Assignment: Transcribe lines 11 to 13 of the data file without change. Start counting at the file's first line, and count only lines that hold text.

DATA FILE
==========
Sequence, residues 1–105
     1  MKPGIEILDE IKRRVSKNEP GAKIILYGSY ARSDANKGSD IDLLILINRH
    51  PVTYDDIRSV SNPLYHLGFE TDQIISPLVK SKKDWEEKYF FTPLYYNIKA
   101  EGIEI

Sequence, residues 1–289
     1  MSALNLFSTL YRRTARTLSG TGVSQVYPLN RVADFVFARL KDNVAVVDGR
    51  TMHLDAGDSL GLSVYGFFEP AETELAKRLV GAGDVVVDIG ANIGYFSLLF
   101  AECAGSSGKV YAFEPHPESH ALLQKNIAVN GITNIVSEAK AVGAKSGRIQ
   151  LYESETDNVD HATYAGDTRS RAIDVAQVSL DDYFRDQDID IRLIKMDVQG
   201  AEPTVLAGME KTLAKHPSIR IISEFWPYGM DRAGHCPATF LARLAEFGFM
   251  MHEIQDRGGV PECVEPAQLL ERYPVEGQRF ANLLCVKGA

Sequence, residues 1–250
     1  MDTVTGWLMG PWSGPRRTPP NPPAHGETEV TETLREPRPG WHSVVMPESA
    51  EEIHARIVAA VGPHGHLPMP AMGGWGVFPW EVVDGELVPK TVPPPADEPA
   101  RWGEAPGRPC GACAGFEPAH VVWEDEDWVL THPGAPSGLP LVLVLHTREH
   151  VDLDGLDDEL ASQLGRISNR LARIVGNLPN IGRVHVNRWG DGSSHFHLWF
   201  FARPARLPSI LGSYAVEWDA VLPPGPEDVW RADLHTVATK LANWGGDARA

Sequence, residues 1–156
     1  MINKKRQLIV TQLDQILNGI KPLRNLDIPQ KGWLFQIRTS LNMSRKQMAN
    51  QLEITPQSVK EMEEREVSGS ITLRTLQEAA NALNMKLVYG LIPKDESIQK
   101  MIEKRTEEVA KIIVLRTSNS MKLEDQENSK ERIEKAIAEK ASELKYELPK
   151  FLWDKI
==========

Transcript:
   251  MHEIQDRGGV PECVEPAQLL ERYPVEGQRF ANLLCVKGA

Sequence, residues 1–250
     1  MDTVTGWLMG PWSGPRRTPP NPPAHGETEV TETLREPRPG WHSVVMPESA